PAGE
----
How to find cool Halloween lights
It’s approaching that time of the year when little ghosts, monsters or vampires will come knocking on your door in hopes of receiving candy. Since no one wants to be tricked, it’s better to receive these seasonal visitors accordingly, by lighting a spooky path for them directly to your porch and their source of treats.
The problem arises of course, of how to exactly light that path — what type of Halloween lights to use, of whether or not to employ candles and what sort of bulb fits best inside a carved pumpkin. Preparing for Halloween can be great fun, we get to decorate our house with skeletons, spider webs and all sorts of cardboard ghostly apparition but as responsible adults, we must also consider how safe all these new additions might prove, or how much they’ll affect our monthly budget.
Of course, we shouldn’t neglect Halloween as an occasion to impress friends and neighbors with our decorating abilities. The neighborhood gets all the jollier (or creepy-er as is the case) from a well decorated, well lit up house.
The Halloween decor is intended to look best in night-time and even the most elaborate set-pieces won’t make any impression if they don’t ravel in some smartly placed lighting. We’ve consulted the best Halloween lights reviews to give you a couple of pointers to consider when browsing what’s available for sale.
How we chose the coolest Halloween lights
It doesn’t exactly make a good impression if one of the neighborhood kids trips on an obscured piece of decoration or if the house suddenly goes dark followed by the smell of burnt fuses, so the first thing to consider is safety.
It’s highly recommendable that the path to the door stays well lit, even if this might subtract from the eerie effect some people might want to go for. It should be considered that some trick or treaters could be barely out of kindergarten and not always accompanied all the way to the front door by a parent.
Regular path lights could be used and set to an appropriate intensity, but adequate jack-o-lantern placing can make this unnecessary. By this we mean one every 3 to 4 feet, with enough of the pumpkin carved to ensure that the electrical bulb within does its job properly.
This can be supplemented with string lights or spooky lanterns placed at shoulder level. One thing that definitely shouldn’t be employed is candles since it could prove a high risk for children that wear paper costumes.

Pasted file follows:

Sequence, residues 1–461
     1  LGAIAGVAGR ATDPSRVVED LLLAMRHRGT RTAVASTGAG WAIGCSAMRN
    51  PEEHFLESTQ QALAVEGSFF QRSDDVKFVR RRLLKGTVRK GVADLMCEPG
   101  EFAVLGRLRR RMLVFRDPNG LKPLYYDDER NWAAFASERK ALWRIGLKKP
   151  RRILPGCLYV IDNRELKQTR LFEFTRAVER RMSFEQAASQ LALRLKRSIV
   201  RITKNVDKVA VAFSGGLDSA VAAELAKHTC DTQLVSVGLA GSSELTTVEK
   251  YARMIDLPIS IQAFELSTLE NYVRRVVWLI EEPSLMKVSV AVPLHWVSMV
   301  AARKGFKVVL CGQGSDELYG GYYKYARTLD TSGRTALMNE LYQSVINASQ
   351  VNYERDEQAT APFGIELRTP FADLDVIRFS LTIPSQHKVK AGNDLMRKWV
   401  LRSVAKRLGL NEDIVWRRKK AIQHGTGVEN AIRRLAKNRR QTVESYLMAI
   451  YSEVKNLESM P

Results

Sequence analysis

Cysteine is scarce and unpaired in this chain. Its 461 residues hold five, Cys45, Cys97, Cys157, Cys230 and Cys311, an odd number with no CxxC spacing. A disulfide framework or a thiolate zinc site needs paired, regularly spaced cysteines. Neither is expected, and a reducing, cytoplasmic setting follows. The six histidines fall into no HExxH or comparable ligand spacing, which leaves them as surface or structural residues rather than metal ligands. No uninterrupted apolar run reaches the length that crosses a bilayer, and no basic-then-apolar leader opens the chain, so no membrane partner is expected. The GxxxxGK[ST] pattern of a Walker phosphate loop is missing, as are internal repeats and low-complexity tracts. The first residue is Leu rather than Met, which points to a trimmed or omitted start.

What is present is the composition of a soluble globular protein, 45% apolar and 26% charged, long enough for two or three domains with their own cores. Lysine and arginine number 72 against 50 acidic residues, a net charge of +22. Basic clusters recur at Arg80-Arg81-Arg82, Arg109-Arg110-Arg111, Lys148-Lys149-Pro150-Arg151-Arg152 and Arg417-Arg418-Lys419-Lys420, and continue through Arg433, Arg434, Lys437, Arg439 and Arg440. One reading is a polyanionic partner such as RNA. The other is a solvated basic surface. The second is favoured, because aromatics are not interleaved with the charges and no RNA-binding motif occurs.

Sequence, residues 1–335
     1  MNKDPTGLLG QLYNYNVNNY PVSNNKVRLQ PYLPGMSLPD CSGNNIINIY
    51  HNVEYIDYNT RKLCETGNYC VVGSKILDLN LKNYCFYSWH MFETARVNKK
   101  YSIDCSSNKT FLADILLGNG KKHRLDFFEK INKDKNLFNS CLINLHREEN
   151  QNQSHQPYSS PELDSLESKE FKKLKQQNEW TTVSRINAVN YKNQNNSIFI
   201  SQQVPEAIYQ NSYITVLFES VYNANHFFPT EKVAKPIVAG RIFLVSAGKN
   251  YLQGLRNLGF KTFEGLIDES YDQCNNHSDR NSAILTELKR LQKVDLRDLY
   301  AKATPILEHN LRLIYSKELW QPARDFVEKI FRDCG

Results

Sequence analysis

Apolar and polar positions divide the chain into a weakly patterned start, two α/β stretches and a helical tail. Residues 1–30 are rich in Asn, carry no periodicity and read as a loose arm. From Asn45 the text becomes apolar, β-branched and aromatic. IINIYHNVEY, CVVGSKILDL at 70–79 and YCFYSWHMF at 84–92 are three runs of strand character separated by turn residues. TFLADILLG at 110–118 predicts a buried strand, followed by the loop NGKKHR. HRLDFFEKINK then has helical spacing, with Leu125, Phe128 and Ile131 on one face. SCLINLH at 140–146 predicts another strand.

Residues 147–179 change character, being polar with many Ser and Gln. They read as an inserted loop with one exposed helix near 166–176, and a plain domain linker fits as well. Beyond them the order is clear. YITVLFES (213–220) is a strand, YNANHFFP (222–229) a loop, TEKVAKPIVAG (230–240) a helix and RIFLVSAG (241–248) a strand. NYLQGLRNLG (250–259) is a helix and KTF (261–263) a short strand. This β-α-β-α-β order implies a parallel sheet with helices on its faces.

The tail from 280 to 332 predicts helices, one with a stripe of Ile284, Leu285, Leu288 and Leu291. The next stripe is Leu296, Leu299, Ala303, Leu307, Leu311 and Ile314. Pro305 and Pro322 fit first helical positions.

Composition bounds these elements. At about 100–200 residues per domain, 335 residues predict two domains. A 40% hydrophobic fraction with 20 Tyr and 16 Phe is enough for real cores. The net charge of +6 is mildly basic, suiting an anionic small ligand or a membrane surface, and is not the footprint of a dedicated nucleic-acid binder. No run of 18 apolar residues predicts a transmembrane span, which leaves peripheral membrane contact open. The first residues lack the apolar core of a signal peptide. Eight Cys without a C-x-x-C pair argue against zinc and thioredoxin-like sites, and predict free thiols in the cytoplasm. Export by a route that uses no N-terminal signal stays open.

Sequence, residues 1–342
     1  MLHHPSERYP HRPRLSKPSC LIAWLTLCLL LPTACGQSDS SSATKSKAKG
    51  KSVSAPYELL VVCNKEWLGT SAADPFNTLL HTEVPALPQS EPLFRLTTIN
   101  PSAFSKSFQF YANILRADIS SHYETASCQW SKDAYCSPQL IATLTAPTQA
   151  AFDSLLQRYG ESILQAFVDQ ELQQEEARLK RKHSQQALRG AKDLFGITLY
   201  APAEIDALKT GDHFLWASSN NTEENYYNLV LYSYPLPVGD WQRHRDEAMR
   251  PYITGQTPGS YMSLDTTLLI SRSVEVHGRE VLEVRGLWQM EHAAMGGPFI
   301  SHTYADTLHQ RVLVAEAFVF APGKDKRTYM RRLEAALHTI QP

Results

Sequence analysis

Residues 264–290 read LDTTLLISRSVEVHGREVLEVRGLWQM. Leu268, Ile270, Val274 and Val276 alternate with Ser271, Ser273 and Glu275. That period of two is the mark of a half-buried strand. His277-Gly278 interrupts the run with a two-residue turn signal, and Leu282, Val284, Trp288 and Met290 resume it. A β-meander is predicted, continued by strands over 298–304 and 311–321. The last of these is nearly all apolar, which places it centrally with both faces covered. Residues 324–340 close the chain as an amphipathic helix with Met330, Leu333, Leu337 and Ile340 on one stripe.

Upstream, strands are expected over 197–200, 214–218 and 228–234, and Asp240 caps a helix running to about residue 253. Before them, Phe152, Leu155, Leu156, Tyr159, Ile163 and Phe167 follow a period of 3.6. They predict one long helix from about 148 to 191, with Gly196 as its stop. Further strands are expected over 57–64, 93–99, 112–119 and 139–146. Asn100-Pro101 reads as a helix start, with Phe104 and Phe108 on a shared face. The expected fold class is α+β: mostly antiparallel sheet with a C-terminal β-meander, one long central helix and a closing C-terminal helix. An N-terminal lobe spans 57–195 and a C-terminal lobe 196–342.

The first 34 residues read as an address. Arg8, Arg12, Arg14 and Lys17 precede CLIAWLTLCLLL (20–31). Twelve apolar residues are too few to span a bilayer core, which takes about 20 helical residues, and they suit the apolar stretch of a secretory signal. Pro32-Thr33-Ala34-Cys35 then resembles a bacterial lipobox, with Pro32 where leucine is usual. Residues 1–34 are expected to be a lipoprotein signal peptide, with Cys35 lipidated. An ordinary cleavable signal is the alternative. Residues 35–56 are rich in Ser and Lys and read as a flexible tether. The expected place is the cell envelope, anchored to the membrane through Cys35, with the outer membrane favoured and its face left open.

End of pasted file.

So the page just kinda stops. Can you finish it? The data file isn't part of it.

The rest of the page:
Mind the plugs
Some people like to overdo on the decorations, or simply don’t have the most reliable outlets servicing their front yard. To ensure that nothing gets fried under the added load, it would be a good idea to mind the power consumption (expressed in Watts) when buying for new Halloween lights.
A good way to circumvent this would be to employ LED lights, which only put minimal strain on the outlets, or going for at least a few battery operated light strings, although the last ones might not be very economical overall due to the high price of batteries.
Speaking of LEDs, they are getting more and more popular as festive lights in recent years because of their reliability and convenience. Besides low power usage, LEDs tend to be more weather resistant than their incandescent counterparts and don’t really heat up, which makes them a lot safer around paper or foam decorations.
Color and theme
While it had a run for its money in recent years, the most popular color for Halloween remains the traditional orange. It reminds of the hue given out by a jack-o-lantern with an actual candle inside and fits well with most decorative themes.
Through direct reference to pumpkins, orange is meant to evoke the autumn harvest as well as fallen autumn leaves. Within a harvest theme, it can be used alongside yellow, the color of hay bales. Local orange can also give a good effect in an eclectic composition since it goes well with ghostly whites and light blues.
Where it falls, however, is in association with violet, another popular color. Those going for a violet light dominant should use orange only sporadically, mostly around the iconic Halloween pumpkins.
Violet and green came to suggest the undead, mostly due to how these are depicted in popular culture. They fit well to a spooky theme with vampires, zombies, creepy graveyards and crypts. Ghosts remain white or light blue and make for an eye-resting spot of cool color when used.
White is also good for creating an eerie fog effect if covered by a transparent cloth and can prove a money saver since it can be used with both spooky and harvest themes as well as for Christmas decorations.
Money saving ideas
A good way to get the best value out of the Halloween lights is by going for colors that can be applied to multiple settings. This also gives more freedom in deciding the theme for next year, since some colors can be restrictive. White and yellow can be used for both Christmas and Halloween, for example, but violet can’t be used for much else than a horror setting.
Clear lights can also make it easier to change color according to preference. It’s enough to place some transparent colored cloth over them, although this isn’t always the best solution for the outdoors.
These are generally string lights or lanterns shaped into various context-appropriate forms: skulls, zombie heads, bats and the likes. They can be very fun to buy but also a bit expensive and generally not as bright as more traditional lights.
Novelty lights add a lot of character to any set if placed in a relatively central position, to ensure good visibility. Depending on the model, they can make either good or bad illuminators, so it’s best not to rely on them for providing much more than a spooky effect.
String lights are best used for adding letters or for describing contours. They make for a good way to place emphasis on various decorations or points of interest.